Had forgotten about CTC, just joining that now :-)


AndrewHuddart - on 17 May 2012
In reply to Richard Carter: Richard - check your emails...
David Hooper - on 17 May 2012
In reply to Richard Carter: vs will push the police to get off their arse and do something - they are very proactive.try emailing dom Whillans of these forums as he does some work for them.dont let police apathy and laziness grind you down
Stuart William - on 18 May 2012
In reply to Richard Carter: eyewitnesses alone don't count as proof because they are highly unreliable, look into elizabeth loftus's work on false memories and the flaws in eyewitnesses testimony.
AlunP - on 22 May 2012
In reply to timjones:

A dog ran in front of me last year. A big crash: broke my arm in two places and wrecked my carbon bike. It happened just before I was due to leave for a cycle traverse of the USA. The crash left me several 000's out of pocket as well as in a lot of pain. End of two month US trip too, before it even began.

I did, of course, sue. It is not a question of being a "chancer"

Fido's owner was insured - and I have just settled out of court to recover my losses - and a sum for personal injury. I get a new bike later this week - but it's been a year since I have had a decent road bike. The owner's insurance co. denied liability but I got the evidence before being taken off to A&E in an ambulance.

I did not hesitate for a second before launching legal action. If somebody breaches their duty of care and someone else gets seriously hurt, the law is clear enough. Proof is always an issue though.

My only complaint is that the owner didn't face criminal action in an 'open & shut' case. The CPS couldn't be bothered.
IainRUK - on 22 May 2012
In reply to AlunP: Why criminal?

I have insurance for that.. but if a dog shoots out across the road I can't see how that is criminal. I'd expect to be liable.

likewise if a sheep took me out, I'd look at getting the farmer to pay for costs.. but I wouldn't expect criminal proceedings.
balmybaldwin - on 22 May 2012
In reply to IainRUK:

Would be much harder with a sheep unless the farmer had a record of not repairing fences etc
IainRUK - on 22 May 2012
In reply to balmybaldwin: Around here few fences are in a good state of repair..

I just think accidents happen. It'd be interesting to know if an owner ever has been prosecuted for their dog causing an accident.. could a parent then be if a child ran out..
neilh - on 23 May 2012
In reply to Richard Carter:

If you have been injured then it is classified as a reportable offence. The driver has to be interviewed by the police.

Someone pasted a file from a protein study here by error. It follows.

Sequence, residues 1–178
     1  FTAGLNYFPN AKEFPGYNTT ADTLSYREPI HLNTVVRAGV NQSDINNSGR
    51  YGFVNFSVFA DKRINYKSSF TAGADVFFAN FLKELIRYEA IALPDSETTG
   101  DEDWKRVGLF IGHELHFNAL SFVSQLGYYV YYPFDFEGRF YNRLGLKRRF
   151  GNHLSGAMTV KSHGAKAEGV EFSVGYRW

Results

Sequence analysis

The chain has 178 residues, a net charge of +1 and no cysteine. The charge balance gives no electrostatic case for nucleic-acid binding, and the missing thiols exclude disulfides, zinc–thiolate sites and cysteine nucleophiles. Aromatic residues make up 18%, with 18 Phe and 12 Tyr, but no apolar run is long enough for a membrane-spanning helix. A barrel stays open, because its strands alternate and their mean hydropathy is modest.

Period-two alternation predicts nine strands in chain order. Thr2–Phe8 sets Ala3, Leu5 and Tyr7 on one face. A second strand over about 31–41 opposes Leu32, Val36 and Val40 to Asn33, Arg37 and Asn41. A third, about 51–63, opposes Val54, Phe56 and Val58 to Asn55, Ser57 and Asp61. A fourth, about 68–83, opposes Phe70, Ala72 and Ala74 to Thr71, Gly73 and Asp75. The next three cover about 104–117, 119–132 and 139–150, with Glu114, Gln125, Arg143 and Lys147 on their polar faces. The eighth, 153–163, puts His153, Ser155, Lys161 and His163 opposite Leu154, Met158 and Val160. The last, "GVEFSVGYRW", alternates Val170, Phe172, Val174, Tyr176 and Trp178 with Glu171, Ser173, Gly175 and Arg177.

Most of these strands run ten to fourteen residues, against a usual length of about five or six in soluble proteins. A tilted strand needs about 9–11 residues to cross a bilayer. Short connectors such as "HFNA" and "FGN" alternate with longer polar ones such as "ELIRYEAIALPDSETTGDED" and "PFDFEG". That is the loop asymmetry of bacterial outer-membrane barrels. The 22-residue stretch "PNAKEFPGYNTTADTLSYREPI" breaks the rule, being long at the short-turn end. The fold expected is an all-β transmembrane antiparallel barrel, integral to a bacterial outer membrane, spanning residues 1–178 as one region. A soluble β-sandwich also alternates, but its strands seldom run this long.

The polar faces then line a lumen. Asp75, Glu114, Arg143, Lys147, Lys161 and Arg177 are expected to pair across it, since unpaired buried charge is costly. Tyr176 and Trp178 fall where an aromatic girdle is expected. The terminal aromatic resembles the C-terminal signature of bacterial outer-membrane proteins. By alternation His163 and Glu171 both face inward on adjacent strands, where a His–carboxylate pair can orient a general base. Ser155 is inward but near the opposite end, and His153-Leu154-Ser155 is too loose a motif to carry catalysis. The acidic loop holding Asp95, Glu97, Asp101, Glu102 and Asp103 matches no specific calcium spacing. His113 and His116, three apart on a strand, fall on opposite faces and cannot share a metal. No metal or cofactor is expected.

David Riley - on 23 May 2012
In reply to Richard Carter:

Hope you do better with the police than my girlfriend did.
A driver pulled out of a side turning (looking the other way) and hit her from behind. The carbon fibre triathlon bike and helmet were written off and she had injuries requiring an ambulance, although she's fine now.
The police arrived and found the driver had no insurance, or licence, and was, of course, 'known to the police'.
There were several good witnesses and no doubt he was to blame.
As I understand, a year on, the driver has not been charged or paid a penny. "It's too late to charge him now. He was not in when we called at his house."

Pathetic.

However the villain is really bloody insurance !
Being a member of a Tri club she was able to claim on their insurance.
Nobody cares, or holds the police to account, and we all get to share the cost.

Insurance should be illegal.
MHutch - on 24 May 2012
In reply to Richard Carter:
> Still not managed to get any more information from the Police, the officer in involved doesn't return my calls and the other officers can't find any information about the accident. No one from the Police has spoken to the other driver involved, so I'm assuming they're not bothering :-P
>
> I've officially given up with the Police!

Have you gone up the chain of command? I'd be contacting the local inspector in charge of that team at the very least, and making myself enough of a pain in the arse to get a response. It's a ballache, but you've got much more chance of getting financial recompense if the police are involved too.

It's not as if it was a minor prang with no consequences.